c) Tax Levy increase taxes.  Again, Mr. Johnson provided his calculations on the impact to the average taxpayer on a monthly and annual basis.  Mr. Johnson noted the emotional support expressed by residents in their recent comments during the Imagine Roseville 2025 process.


Mr. Johnson repeatedly recognized the difficult balance required and challenges of the City Council in meeting every department’s needs; however, he also recognized the apparent public support and ownership for the City’s park system and their desire for it to improve and not deteriorate.


Mr. Johnson, from a business perspective, opined that the current equipment was about to compromise the integrity of the business; and asked that the department’s capital stock be viewed as an enterprise, and not be politically driven.


Mr. Johnson advised that it was the consensus of the Parks and Recreation Commission that those three (3) options were what needed to be considered by the City Council in order to maintain existing structures, equipment and facilities.  Mr. Johnson opined that it was also the consensus of the Commission that what was needed for the Roseville park system was to improve “branding” consistencies and maintain existing facilities; that new structures weren’t needed, including the proposed community center.  Mr. Johnson advised that the public’s message during the visioning process was loud and clear that the City needed to take care of what we have.


Discussion among Commissioners and Council members included: the concept of an endowment fund and discretionary appropriation of such a fund; potential voter support of a bond issue and removing pressures from other areas with confined uses of bond funds; and vociferous and consistent public comments and perceptions of the deterioration of existing equipment, structures and/or facilities.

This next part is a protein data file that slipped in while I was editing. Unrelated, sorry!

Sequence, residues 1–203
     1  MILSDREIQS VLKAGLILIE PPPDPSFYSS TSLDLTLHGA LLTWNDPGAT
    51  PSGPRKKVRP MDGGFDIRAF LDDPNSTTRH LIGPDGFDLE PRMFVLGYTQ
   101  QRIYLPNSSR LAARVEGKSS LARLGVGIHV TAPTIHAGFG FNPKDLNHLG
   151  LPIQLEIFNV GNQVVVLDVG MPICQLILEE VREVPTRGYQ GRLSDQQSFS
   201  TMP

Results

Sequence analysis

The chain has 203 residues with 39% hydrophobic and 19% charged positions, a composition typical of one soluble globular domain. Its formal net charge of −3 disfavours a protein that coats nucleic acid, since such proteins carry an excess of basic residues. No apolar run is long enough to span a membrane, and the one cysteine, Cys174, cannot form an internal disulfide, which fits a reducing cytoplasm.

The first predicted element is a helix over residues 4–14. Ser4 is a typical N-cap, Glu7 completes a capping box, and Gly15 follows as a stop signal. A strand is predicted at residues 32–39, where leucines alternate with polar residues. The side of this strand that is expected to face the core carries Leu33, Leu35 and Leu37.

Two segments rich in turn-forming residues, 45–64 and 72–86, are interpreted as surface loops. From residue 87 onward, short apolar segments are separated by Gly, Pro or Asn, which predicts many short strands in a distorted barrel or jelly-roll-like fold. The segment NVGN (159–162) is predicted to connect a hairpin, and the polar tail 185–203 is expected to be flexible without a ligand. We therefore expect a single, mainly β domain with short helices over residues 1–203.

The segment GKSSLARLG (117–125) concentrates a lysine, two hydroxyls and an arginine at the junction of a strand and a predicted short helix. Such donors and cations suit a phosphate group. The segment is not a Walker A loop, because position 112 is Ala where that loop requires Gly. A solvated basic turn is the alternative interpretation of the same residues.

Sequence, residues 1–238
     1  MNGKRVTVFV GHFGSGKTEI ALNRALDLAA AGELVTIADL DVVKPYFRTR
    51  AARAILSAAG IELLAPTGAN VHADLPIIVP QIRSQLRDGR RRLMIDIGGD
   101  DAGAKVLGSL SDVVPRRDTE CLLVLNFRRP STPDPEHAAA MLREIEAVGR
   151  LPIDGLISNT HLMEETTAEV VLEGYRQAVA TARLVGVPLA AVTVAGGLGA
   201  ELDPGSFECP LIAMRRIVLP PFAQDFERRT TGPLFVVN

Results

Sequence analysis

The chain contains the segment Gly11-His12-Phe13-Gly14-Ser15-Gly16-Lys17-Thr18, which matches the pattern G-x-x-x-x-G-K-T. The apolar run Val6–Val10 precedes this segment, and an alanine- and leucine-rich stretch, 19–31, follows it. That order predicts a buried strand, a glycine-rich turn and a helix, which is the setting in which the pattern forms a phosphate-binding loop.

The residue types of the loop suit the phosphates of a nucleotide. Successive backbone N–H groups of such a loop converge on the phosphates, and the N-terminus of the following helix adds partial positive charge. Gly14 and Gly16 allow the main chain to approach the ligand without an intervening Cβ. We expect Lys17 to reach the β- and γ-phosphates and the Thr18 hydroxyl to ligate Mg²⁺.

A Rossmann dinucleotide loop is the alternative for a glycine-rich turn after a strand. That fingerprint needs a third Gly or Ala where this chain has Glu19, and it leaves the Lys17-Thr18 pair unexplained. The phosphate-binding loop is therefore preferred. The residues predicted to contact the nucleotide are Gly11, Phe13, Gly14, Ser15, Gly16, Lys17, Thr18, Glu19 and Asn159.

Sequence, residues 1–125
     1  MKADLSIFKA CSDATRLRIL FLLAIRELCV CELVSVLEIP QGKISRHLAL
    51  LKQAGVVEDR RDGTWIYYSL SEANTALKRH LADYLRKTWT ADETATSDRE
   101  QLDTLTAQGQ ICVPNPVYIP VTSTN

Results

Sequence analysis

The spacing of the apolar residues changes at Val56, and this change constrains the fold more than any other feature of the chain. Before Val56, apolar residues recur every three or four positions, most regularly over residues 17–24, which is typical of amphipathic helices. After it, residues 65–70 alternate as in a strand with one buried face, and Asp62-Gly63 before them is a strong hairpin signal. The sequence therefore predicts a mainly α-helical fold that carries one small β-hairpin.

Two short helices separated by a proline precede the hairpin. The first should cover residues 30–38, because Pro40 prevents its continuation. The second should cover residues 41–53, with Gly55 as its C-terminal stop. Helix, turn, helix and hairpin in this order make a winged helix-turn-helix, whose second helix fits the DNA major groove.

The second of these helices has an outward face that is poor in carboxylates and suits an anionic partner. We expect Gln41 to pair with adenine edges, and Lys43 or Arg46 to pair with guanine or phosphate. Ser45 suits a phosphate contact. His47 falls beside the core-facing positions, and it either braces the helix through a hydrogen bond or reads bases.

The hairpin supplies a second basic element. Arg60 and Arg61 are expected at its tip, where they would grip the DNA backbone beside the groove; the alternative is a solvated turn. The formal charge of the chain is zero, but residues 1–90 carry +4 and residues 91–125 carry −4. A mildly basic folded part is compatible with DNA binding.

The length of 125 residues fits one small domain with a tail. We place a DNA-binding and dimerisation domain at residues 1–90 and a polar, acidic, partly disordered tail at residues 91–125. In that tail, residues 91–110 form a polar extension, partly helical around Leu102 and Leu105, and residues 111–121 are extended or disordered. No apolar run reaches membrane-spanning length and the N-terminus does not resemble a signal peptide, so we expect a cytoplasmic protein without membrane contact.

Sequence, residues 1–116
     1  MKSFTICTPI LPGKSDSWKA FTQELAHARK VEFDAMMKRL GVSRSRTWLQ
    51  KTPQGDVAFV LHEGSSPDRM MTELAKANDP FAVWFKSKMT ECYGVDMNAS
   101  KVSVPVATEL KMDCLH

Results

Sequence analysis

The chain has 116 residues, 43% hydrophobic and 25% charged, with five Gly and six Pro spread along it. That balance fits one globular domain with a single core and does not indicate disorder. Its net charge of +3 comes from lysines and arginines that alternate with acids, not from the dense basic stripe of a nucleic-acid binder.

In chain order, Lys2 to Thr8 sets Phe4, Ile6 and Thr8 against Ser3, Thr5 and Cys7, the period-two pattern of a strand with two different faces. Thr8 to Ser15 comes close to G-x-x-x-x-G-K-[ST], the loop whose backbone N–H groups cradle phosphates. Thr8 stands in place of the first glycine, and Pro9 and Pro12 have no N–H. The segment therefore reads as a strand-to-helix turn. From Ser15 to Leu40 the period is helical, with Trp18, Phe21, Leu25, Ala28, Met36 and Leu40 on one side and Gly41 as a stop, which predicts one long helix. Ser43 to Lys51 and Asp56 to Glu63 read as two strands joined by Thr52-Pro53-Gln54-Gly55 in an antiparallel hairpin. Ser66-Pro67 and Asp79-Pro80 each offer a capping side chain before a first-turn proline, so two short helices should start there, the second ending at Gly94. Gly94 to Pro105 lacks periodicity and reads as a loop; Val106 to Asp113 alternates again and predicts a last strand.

Councilmember Kough suggested the possible sale some golf course property for town home development as a way to generate funds.


Mr. Johnson advised that would be a more appropriate discussion for the City’s Housing and Redevelopment Authority (HRA), and in conjunction with Park Master Plans, depending on locations.


Further discussion included programmed park space versus open space; ongoing available and potential assistance from various recreation associations and their proactive dedication of time, monies and efforts to subsidize the City’s park system; increasing utilization of fields (open space); potential for and cost of low-maintenance turf; and in-kind monies and/or labor maintenance normally provided by the City.


Commissioner Roe, with consensus of remaining Council members, noted the need for more prioritization of needs in the parks system by the Commission to address the most urgent needs.